Abraham Lincoln.

Abraham Lincoln; complete works, comprising his speeches, letters, state papers, and miscellaneous writings; online

. (page 84 of 91)
Online LibraryAbraham LincolnAbraham Lincoln; complete works, comprising his speeches, letters, state papers, and miscellaneous writings; → online text (page 84 of 91)
Font size
QR-code for this ebook

tion law must be enacted and enforced, suppressing all declarations
that slavery is wrong, whether made in politics, in presses, in pul-
pits, or in private. We must arrest and return their fugitive slaves
with greedy pleasure. We must pull down our free-State constitu-
tions. The whole atmosphere must be disinfected of all taint of op-
position to. slavery before they wiU cease to believe that all their
troubles proceed from us. So long as we call slavery wrong, when-
ever a slave runs away they will overlook the obvious fact that he
ran because he was oppressed, and declare that he was stolen off.
Whenever a master cuts his slaves with the lash, and they cry out
under it, he will overlook the obvious fact that the negroes cry out
because they are hurt, and insist that they were put up to it by some
rascally Abolitionist.

I am quite aware that they do not state their case precisely in this
way. Most of them would probably say to us: "Let us alone; do
nothing to us, and say what you please about slavery."' But we do
let them alone, — have never disturbed them, — so that, after aU, it is


what we say which dissatisfies them. They will contiuue to accuse
us of doing, until we cease saying.

I am also aware that they have not as yet in terms demanded the
overthrow of our free-State constitutions. Yet those constitutions
declare the wrong of slavery with more solemn emphasis than do
all other sayings against it; and when all these other sayings shall
have been silenced, the overthrow of these constitutions will be de-
manded, and nothing be left to resist the demand. It is nothing to
the contrary that they do not demand the whole of this just now.
Demanding what they do, and for the reason they do, they can vol-
untarily stop nowhere short of this consummation. Holding as they
do that slavery is morally right and socially elevating, they cannot
cease to demand a full national recognition of it, as a legal right and
a social blessing.

Nor can we justifiably withhold this on any ground save our con-
viction that slavery is wrong. If slavery is right, aU words, acts,
laws, and constitutions against it are themselves wrong, and should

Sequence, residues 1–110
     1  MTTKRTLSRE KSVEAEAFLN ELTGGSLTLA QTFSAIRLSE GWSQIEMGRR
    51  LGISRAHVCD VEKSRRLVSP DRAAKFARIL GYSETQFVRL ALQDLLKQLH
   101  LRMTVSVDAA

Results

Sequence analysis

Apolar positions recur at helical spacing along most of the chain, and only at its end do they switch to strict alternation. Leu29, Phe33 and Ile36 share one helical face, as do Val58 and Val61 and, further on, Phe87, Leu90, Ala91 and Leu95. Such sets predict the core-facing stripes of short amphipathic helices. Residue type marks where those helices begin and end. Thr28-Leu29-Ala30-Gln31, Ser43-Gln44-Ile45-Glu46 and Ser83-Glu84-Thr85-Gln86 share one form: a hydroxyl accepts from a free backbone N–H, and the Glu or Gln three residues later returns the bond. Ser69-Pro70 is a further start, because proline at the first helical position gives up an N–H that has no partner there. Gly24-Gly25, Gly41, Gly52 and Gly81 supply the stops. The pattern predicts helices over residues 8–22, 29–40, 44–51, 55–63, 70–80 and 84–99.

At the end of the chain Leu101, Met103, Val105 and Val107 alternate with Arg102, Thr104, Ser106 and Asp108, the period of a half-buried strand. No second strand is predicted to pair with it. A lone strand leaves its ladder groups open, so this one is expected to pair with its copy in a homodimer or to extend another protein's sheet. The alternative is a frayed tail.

be silenced and swept away. If it is right, we cannot justly object
to its nationality — its universality; if it is wrong, they cannot
justly insist upon its extension — its enlargement. All they ask we
could readily grant, if we thought slavery right; all we ask they
could as readily grant, if they thought it wrong. Their thinking
it right, and our thinking it wrong, is the precise fact upon which
depends the whole controversy. Thinking it right, as they do, they
are not to blame for desiring its full recognition as being right ; but
thinking it wrong, as we do, can we yield to them 1 Can we cast
our votes with their view, and against our own? In view of our
moral, social, and political responsibilities, can we do this 1

Wrong as we think slavery is, we can yet afford to let it alone
where it is, because that much is due to the necessity arising from
its actual presence in the nation ; but can we, while our votes will
prevent it, allow it to spread into the national Territories and to over-
run us here in these free States ?

If our sense of duty forbids this, then let us stand by our duty fear-
lessly and effectively. Let us be diverted by none of those sophisti-
cal contrivances wherewith we are so industriously plied and be-
labored — contrivances such as groping for some middle ground
between the right and the wrong; vain as the search for a man who
should be neither a living man nor a dead man; such as a policy of
" don't care" on a question about which all true men do care; such
as Union appeals beseeching true Union men to yield to Disunionists,
reversing the divine rule, and calling, not the sinners, but the right-
eous to repentance; such as invocations to Washington, imploring
men to unsay what Washington did.

Neither let us be slandered from our duty by false accusations
against us, nor frightened from it by menaces of destruction to the
government, nor of dungeons to ourselves. Let us have faith that
right makes might ; and in that faith let us to the end dare to do
our duty as we understand it.


March 9, I860.— Abstract of Speech at Norwich, Connecticut.

Whether we will or not, the question of slavery is the question, the
all-absorbing topic, of the day. It is true that all of us — and by that
I mean, not the Republican party alone, but the whole American peo-
ple, here and elsewhere — all of us wish the question settled — wish it
out of the way.